How To Cope During A Global Pandemic

As I sit on my couch in Seattle to write this, there are 15,219 cases of coronavirus (COVID-19) in the United States. The coronavirus is highly contagious; it spreads via respiratory droplets produced when an infected person coughs or sneezes and between people who are in close contact with one another (within about 6 feet). COVID-19 can travel through the air and live on surfaces for days.

I know it’s really hard. Between state emergency declarations and isolation recommendations, it may feel hard to escape the sense of panic around COVID-19.

I’m struggling to manage my mental health throughout this time in our lives, and I have a feeling you might be too.

All around the world, people dying or quarantined in their homes. At this point, we’re living in the unknown with hyper-vigilance about getting sick, obsessed with hand-washing and germs, making sure we’re using antibacterial hand sanitizer if we touch anything, and worrying about the economy collapsing. Late-stage capitalism in the United States was not prepared for a pandemic. No one was.

If you’re starting to feel anxious or panicked, that’s because these are difficult times. It’s hard to imagine that life will go back to normal after this and when will that be? Are we going to be quarantined for the next month? Two months? Six months?

It’s easy to spiral out of control because everything is unknown right now. Our “fight or flight” stress hormones–which kick in when we feel like we’re in harm’s way–are now on overdrive. The result is a sense of alarm that affects our thinking and bodily sensations that signal the brain to activate hyper-vigilance in the form of excessive worry. Stress can have a profound effect on your immune system, so it’s important for both your physical and mental health to soothe stress to manageable levels. The more stressed you are, the more likely you can get sick.

I know it’s terrifying right now, and I can’t promise it will get better soon. For now, you should try to calm the fuck down.

Stay focused on what you can control right now, do what you can to make it through, and know there’s a light somewhere on the other side of this. Understand that it’s okay to feel anxious or panicked.

Do you have COVID-19 or is it anxiety?

If you think you’re experiencing COVID-19, contact your health care provider immediately and quarantine yourself.

You may have never experienced anxiety before this, and that’s okay. It can feel like you’re sick, but it might be anxiety. There are symptoms of anxiety that will manifest as physical sensations including but not limited to:

  • stomach pain, nausea, or digestive trouble
  • headache
  • insomnia or nightmares
  • weakness or fatigue
  • rapid breathing or shortness of breath
  • pounding heart or increased heart rate
  • sweating
  • trembling or shaking
  • muscle tension or pain

Ways to manage anxiety and isolation during a global pandemic

In a time of heightened stress, we must use even more coping mechanisms. Scheduled, purposeful relaxation in the face of stress is needed. Enjoyable activities are critically important. This list is full of pleasant activities that can be done for free and with little effort.

  • Keep a schedule!
  • Controlled breathing at a slow rate – slower than you normally do, and diaphragmatic – breathing fully, as if down to the belly.
  • Hum to calm your nervous system.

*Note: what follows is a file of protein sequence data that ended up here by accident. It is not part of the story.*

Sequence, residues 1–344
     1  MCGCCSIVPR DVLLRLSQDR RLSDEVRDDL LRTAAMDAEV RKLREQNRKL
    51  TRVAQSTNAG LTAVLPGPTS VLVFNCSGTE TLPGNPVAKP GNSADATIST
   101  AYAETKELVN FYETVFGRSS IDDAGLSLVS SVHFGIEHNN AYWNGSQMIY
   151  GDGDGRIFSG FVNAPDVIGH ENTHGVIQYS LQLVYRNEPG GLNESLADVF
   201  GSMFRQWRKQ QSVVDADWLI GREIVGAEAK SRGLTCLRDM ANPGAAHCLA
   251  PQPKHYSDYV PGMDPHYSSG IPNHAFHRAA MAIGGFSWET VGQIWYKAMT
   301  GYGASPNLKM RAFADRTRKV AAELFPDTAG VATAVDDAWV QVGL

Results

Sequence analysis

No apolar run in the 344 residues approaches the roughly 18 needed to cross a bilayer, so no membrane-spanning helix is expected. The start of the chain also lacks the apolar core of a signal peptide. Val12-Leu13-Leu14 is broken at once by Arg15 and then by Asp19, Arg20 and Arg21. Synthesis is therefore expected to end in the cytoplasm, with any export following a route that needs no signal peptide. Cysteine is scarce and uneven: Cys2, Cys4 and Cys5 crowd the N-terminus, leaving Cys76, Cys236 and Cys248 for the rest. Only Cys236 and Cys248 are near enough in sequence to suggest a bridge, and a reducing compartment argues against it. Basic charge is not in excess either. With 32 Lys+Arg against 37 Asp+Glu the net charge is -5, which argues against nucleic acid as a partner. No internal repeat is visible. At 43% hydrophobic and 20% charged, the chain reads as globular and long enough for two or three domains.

• Connect with others via technology (text, FaceTime, Instagram stories, etc.).
  • Talk with people you trust about your concerns and how you are feeling!!!!
  • Go outside. Fresh air and Vitamin D strengthens your immune system.
  • Deep breaths, stretch, or meditate.
  • Try to eat healthy, well-balanced meals, exercise regularly, and get plenty of sleep.
  • Avoid using excessive alcohol and drugs to cope.
  • Watch something funny.
  • Start a craft or DIY project.
  • Make space for your feelings.
  • Keep a journal about this unprecedented time.
  • Solve a puzzle.
  • Write a letter and mail it.
  • Bake cookies.
  • Put on your favorite song to dance to.
  • Spring cleaning!
  • Do yard work.
  • Water your plants.
  • Pop bubble wrap.
  • Watch puppy videos.
  • Make coffee.
  • Masturbate.
  • Meditate with the Calm app.
  • Use the Curable app to learn about the mind-body connection.
  • Learn a new language on Duolingo.
  • Speak with an online mental health professional via your health care plan, BetterHelp or Talkspace.

What to do if you feel yourself panicking

Know you are not in control of the virus, only your reaction. Accept uncertainty in these times.

Slow down. Take a deep breath. Focus on solvable vs. unsolvable problems.

Make sure to take breaks from social media and the news. Hearing about the pandemic can be upsetting. Log off immediately if you get upset.

Look for the silver lining

This is such an incredible moment in history. We may experience a huge shift in our society after this. Amidst all of this, our shared societal purpose also gives rise to sudden profound acts of humanity and connections. We may witness acts of unsung heroism or find solace in an unexpected place.

People are thinking about more than just themselves. There is a heightened sense of community. We are supporting each other and small businesses. We are using this time to refocus, spend time with family, and really hone in what matters most.

Yes, our society appears to be collapsing in real-time, but what if we care about each other more than we care about dollar signs? What if this gives us the “reset” we all needed to realize that health care is a human right?

Remember, we are all in this together. You are not alone. We will get through this.

Author: Becca Risa Luna

Seattle-based fashion writer and personal essayist. Likes designer handbags, glaring openness, and subtle vulgarity.

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